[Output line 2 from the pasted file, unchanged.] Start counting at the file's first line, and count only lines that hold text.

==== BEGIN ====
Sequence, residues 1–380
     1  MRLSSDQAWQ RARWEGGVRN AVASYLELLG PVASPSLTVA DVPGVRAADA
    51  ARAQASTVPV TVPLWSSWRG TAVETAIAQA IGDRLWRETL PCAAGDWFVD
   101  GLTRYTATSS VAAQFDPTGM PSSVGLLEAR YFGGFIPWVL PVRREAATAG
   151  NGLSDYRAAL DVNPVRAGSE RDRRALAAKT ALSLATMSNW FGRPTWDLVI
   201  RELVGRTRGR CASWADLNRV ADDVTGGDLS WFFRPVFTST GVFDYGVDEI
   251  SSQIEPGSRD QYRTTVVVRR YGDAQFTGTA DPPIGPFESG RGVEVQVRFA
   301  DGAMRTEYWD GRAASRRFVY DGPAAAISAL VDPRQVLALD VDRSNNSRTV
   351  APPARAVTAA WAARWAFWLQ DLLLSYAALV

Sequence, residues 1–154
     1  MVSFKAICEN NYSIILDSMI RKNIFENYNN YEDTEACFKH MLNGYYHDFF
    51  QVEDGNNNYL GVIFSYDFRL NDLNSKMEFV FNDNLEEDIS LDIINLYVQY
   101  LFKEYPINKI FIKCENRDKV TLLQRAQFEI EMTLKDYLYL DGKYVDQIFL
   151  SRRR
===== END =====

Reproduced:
     1  MRLSSDQAWQ RARWEGGVRN AVASYLELLG PVASPSLTVA DVPGVRAADA